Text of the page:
One of the most well-known and much-loved units of length in the metric system, the centimetre was first proposed simultaneously in 1710 by Italian mathematician Luciano Carelli and Norwegian physicist Bernhard Boger. A bitter authorship debate ensued, with the central issue being the question of which physical phenomenon should be used as the basis of measurement. Carelli was adamant that a centimetre should be defined as “the width of the smallest finger on my leftmost hand, at the point directly between the finger nail and the upper knuckle”, but Boger dismissed this idea as absurd, arguing that the width of Carelli’s fingers was liable to change if he were to put on excessive weight, or to die and slowly decay. He instead proposed that a much more reliable definition would be the size of the gap between his writing desk and the wall of his study, pointing out that the construction of his desk was much sturdier than that of a mere finger, and that he was unlikely to move it as it was right next to the fireplace and got a nice bit of light from the window.
The debate reached crisis point in 1712 when Carelli lost three fingers from his left hand in a tragic counting accident, and was unable to recover them in time for preservation. Upon hearing the news, Boger rushed to his writing desk to prepare a gloating letter, only to discover that the desk had been stolen the previous night; presumably, he conjectured, as part of an attempt to extract the centimetre and sell it on the black market. Keen to prevent their creation from falling into the wrong hands, Boger and Carelli agreed to meet halfway in order to settle the matter like gentleman. Several heated letters later, they concluded that ‘halfway’ was located somewhere between the bar and the billiards room of a small pub in Copenhagen, and they convened at the Hviids Vinstue inn on the 12th of December 1712, finally emerging two days later on the 14th with a written agreement and severe bruises on their faces and bodies.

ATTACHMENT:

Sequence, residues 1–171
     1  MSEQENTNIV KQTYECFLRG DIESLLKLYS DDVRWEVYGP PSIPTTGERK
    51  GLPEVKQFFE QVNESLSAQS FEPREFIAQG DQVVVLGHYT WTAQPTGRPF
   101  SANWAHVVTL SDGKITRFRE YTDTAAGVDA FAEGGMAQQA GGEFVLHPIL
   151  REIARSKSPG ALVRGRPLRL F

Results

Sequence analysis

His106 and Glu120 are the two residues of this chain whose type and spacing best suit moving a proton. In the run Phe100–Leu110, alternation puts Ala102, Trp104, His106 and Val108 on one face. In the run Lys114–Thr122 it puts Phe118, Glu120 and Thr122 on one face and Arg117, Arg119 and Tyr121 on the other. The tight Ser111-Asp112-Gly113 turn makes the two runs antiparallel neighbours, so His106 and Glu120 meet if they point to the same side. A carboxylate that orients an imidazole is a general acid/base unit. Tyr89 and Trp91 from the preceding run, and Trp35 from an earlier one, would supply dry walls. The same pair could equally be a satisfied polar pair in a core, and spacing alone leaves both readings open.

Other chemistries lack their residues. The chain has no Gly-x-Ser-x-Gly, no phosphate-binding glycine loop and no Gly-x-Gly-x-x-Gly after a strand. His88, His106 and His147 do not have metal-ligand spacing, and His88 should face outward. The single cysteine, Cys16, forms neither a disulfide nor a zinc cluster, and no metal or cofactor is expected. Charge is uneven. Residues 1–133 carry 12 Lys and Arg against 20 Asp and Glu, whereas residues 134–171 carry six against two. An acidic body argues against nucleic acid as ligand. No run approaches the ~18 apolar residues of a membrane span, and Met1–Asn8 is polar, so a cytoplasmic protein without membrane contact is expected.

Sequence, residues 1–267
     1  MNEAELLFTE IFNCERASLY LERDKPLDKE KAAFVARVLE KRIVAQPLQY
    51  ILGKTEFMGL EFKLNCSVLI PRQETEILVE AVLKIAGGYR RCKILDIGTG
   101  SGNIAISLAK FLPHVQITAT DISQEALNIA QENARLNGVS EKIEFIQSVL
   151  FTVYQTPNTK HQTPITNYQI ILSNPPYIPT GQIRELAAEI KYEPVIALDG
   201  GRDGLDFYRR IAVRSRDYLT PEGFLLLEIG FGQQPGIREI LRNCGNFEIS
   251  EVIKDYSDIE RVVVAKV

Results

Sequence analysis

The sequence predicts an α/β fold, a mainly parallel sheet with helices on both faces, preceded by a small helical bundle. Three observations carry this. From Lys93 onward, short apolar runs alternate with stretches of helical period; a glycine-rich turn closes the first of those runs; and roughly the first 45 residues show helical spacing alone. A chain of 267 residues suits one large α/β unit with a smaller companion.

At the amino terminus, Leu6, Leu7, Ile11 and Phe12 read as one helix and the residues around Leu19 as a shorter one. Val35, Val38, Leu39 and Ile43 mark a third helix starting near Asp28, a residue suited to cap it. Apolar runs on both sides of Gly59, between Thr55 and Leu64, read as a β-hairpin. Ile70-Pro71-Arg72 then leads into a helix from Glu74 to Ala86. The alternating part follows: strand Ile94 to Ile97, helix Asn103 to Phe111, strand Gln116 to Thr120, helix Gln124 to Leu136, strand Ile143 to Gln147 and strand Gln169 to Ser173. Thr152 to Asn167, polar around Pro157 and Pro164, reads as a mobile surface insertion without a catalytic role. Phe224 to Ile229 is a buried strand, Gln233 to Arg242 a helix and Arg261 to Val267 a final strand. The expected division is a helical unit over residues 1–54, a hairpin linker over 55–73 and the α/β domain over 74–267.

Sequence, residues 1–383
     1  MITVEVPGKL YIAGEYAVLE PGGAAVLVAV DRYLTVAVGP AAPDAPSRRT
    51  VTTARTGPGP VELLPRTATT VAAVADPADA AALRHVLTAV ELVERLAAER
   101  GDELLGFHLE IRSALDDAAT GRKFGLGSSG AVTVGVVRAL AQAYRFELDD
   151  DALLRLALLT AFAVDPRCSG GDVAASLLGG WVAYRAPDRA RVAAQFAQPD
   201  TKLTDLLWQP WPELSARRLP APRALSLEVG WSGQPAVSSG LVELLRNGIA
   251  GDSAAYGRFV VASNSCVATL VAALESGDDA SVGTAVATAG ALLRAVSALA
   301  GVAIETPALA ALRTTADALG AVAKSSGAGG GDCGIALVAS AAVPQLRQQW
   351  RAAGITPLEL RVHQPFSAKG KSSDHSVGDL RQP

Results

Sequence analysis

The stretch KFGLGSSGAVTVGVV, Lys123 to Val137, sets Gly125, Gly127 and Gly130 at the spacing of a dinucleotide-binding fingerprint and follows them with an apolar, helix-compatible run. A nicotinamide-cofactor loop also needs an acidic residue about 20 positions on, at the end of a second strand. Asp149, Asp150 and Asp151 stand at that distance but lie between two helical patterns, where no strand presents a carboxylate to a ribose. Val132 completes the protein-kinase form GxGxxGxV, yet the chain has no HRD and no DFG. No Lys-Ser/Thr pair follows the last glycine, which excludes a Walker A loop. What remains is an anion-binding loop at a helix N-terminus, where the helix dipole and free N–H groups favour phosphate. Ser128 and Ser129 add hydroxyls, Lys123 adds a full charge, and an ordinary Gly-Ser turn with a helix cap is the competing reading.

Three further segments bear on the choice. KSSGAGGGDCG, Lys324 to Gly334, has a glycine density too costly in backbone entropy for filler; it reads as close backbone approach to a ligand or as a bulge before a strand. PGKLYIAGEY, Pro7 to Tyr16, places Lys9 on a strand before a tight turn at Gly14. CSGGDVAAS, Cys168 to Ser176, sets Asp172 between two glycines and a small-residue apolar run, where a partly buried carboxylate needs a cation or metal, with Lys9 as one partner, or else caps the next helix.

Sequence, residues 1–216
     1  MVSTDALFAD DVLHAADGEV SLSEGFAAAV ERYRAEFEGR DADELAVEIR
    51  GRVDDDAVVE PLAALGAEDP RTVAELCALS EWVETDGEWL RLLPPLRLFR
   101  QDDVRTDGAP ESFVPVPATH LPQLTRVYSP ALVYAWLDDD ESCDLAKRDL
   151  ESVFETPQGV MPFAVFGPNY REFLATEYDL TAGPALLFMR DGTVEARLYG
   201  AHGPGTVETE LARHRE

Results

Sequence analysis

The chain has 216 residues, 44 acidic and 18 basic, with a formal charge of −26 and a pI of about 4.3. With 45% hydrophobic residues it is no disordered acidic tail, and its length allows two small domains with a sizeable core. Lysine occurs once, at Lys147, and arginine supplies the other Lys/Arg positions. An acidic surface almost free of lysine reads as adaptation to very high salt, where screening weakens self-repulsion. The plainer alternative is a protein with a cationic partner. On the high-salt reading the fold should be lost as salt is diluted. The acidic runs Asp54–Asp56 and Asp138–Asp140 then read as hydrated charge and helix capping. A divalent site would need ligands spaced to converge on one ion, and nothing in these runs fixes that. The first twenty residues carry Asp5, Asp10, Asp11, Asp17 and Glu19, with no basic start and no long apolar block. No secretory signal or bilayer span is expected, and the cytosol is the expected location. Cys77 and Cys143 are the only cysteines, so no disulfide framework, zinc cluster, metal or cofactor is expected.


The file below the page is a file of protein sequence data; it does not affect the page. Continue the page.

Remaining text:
In a jointly published article for the journal of the Association Internationale d’Métriques (International Metric Association), they stated that a centimetre was henceforth to be defined as “the exact width of five Danish beermats”, with a millimetre being defined as “precisely half of one Danish beermat”, and a metre being defined as “an indeterminate amount of Danish beermats, roughly equivalent to the height of one Danish beer keg”.
The beermats in question are now held in trust by the Timkeeper er Sammenslutning af Danmark (Timekeeper’s Association of Denmark), who are responsible for maintaining the Danish Mean Centimetre, which they periodically adjust due to the increased accuracy of modern measuring techniques, and the slow but erratic degeneration of the beermats.
Thanks to the vision and dedication of Boger and Carelli, centimetres are now known to every schoolchild, and can be purchased in batches of 30 from most good stationery shops, or by sending a stamped addressed envelope of at least 1 cm in length and height to the following address:
Dancing Henry Metrological Supplies,
Block 27A, Sir Henry Drummond Estate,